Donate now to keep alive!Help|Log In|Register|
Home PageMindat NewsThe Mindat ManualHistory of MindatCopyright StatusManagement TeamContact UsAdvertise on Mindat
Donate to MindatSponsor a PageSponsored PagesTop Available PagesMindat AdvertisersAdvertise on Mindat
What is a mineral?The most common minerals on earthMineral PhotographyThe Elements and their MineralsGeological TimeMineral Evolution
Minerals by PropertiesMinerals by ChemistryAdvanced Locality SearchRandom MineralRandom LocalitySearch by minIDLocalities Near MeSearch ArticlesSearch GlossaryMore Search Options
Search For:
Mineral Name:
Locality Name:
The Mindat ManualAdd a New PhotoRate PhotosLocality Edit ReportCoordinate Completion ReportAdd Glossary Item
StatisticsThe ElementsMember ListBooks & MagazinesMineral MuseumsMineral Shows & EventsThe Mindat DirectoryDevice Settings
Photo SearchPhoto GalleriesNew Photos TodayNew Photos YesterdayMembers' Photo GalleriesPast Photo of the Day Gallery

Willow Creek Mine, Kantishna District, Denali Borough, Alaska, USA

This page is currently not sponsored. Click here to sponsor this page.
The creek is in Denali National Park and Preserve.
Location: Willow Creek is one of the headwater tributaries of Moose Creek. It joins Spruce Creek near the center of section 16, T. 16 S., R. 16 W., Fairbanks Meridian, to form Moose Creek. Willow Creek is about 2 1/2 miles long; it heads into the low divide at the head of Myrtle Creek. For this record, the location of the Willow Creek placer mine is about on the unpatented Willow No. 5 Above Discovery claim, in the NE1/4 NE1/4 section 9, T. 16 S., R. 16 W., Fairbanks Meridian. Willow Creek is placer resource block W-1 of Thornsberry, McKee, and Salisbury (1984, fig. K-3).
Geology: The placer-mined part of Willow Creek has a gradient of about 200 feet per mile. The creek heads into a swampy divide at the head of Myrtle Creek, which rises below Spruce Peak. The physiography suggests that Myrtle Creek may have captured upper Willow Creek, and that Willow Creek may once have headed into Spruce Creek rocks. The present course of Willow Creek is in Birch Creek Schist, but if Myrtle Creek captured Willow Creek, an ancestral Willow Creek could have drained rocks of the Spruce Creek sequence (Hawley and Associates, 1978; Bundtzen, 1981; Thornsberry, McKee, and Salisbury, 1984, figs. K-2 and K-3). Claims were staked on Willow Creek early in the 1900s (Heiner and Porter, 1972: KX 66-64). Three placer gold claims were located in 1964 (KX 66-100), and most of the creek was staked in 1966 by Northwest Exploration (KX 66-115). The Willow Creek citation for 1966 (Heiner and Porter, 1972) notes that placer claims were located for antimony; suggesting that stibnite occurs in the alluvial gravels. One lode gold claim was located in lower Willow Creek in 1961 (Heiner and Porter, 1972: KX 66-100). There is a resource of about 500,000 cubic yards of low-grade alluvium in and adjacent to modern Willow Creek (Levell, 1984, v. 2). Levell's sampling of Willow Creek in 1983 showed insignificant gold content.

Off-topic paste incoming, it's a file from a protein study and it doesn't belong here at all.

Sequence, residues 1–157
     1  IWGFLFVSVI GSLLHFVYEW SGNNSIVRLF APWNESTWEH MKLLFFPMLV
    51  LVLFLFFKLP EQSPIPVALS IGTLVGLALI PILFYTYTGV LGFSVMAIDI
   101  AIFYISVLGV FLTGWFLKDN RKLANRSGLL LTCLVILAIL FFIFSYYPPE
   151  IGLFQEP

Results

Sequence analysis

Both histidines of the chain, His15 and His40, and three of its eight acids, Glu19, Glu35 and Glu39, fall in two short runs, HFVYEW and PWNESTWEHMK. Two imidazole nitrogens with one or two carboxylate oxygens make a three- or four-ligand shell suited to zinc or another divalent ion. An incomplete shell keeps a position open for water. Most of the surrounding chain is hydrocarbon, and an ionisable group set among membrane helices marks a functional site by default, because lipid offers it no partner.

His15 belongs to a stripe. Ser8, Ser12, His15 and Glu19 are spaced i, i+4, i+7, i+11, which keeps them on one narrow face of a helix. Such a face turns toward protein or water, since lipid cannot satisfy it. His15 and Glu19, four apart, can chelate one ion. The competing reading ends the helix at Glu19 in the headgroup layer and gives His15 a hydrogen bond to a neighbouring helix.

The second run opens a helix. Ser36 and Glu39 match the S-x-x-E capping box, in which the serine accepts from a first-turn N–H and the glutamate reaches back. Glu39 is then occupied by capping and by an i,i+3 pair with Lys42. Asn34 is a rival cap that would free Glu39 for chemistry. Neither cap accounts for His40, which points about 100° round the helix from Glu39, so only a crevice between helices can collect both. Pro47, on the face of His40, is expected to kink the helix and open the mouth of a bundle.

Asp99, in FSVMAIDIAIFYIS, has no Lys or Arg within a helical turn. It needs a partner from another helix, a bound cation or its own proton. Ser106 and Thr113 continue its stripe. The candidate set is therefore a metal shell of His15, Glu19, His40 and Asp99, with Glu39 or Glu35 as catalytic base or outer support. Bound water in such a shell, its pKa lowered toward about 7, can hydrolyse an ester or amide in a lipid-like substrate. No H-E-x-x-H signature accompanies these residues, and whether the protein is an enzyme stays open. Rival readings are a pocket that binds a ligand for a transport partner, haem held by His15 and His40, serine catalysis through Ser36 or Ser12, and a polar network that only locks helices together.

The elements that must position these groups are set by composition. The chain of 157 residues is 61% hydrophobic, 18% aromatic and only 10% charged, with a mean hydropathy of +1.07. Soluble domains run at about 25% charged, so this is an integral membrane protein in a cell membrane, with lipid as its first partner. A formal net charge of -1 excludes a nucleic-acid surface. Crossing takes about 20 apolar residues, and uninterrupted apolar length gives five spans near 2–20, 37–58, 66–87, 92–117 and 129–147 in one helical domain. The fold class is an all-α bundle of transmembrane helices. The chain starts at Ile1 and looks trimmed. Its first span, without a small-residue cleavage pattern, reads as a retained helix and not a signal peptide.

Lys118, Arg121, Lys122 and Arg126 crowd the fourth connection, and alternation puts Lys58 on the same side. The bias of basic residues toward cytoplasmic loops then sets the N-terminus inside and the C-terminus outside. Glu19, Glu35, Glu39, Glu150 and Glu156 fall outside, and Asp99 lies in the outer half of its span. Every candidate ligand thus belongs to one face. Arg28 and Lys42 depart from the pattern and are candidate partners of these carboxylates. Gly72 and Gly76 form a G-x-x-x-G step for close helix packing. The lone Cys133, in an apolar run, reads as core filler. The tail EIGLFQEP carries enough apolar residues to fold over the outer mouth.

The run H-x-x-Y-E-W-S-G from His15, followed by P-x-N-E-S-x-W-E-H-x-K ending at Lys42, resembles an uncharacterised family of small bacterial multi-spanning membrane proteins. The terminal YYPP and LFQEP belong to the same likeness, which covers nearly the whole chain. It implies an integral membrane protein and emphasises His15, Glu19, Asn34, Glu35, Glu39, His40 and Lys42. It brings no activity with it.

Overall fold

Workings: Gold apparently was discovered in Willow Creek in the early 1900s, when the creek was placer mined on a limited scale (Heiner and Porter, 1972: KX 66-64). There was renewed claim activity in the 1960s, but the deposit apparently was not rich enough to support much mining.
Age: Holocene.
Production: Probably less than 100 ounces of placer gold since 1905.
Reserves: There is a low-grade placer gold resource in about 500,000 cubic yards of alluvium in lower Willow Creek (Levell, 1984, v.2).

Commodities (Major) - Au; (Minor) - Ag, Sb
Development Status: Undetermined.
Deposit Model: Au-PGE placer (Cox and Singer, 1986; model 39a).

Mineral List

2 entries listed. 2 valid minerals.

The above list contains all mineral locality references listed on This does not claim to be a complete list. If you know of more minerals from this site, please register so you can add to our database. This locality information is for reference purposes only. You should never attempt to visit any sites listed in without first ensuring that you have the permission of the land and/or mineral rights holders for access and that you are aware of all safety precautions necessary.


Bundtzen, T.K., 1981, Geology and mineral deposits of the Kantishna Hills, Mt. McKinley quadrangle, Alaska: M. S. Thesis, University of Alaska, College, Alaska, 238 p. Cox, D.P., and Singer, D.A., eds., 1986, Mineral deposit models: U.S. Geological Survey Bulletin 1693, 379 p. Hawley, C. C. and Associates, Inc, 1978, Mineral appraisal of lands adjacent to Mt. McKinley National Park, Alaska: U. S. Bureau of Mines Open-File Report 24-78, 275 p. (paged by sections). Heiner, L.E., and Porter, Eve, 1972, Alaska Mineral Properties, volume 2: University of Alaska, Mineral Industry Research Laboratory Report 24, 669 p. Levell, J. H., 1984, Appendix A, Placer, in 1983 Mineral Resource Studies: Kantishna Hills and Dunkle mine areas, Denali National Park and Preserve, Alaska: U. S. Bureau of Mines Open-File Report 129-84, Vol. 2, p. 1-219. Thornsberry, V. V., McKee, C. J., and Salisbury, W. G., eds, 1984, 1983 Mineral Resource Studies: Kantishna Hills and Dunkle Mine Areas, Denali National Park and Preserve, Alaska: U. S. Bureau of Mines Open-File Report 129-84. 3 Volumes: v. 1, Text; v. 2, Appendices; v. 3, Maps. Prepared by Salisbury & Dietz, Inc., Spokane, WA.

Mineral and/or Locality is an outreach project of the Hudson Institute of Mineralogy, a 501(c)(3) not-for-profit organization.
Copyright © and the Hudson Institute of Mineralogy 1993-2018, except where stated. relies on the contributions of thousands of members and supporters.
Privacy Policy - Terms & Conditions - Contact Us Current server date and time: January 18, 2018 20:04:07 Page generated: January 17, 2015 09:37:06
Go to top of page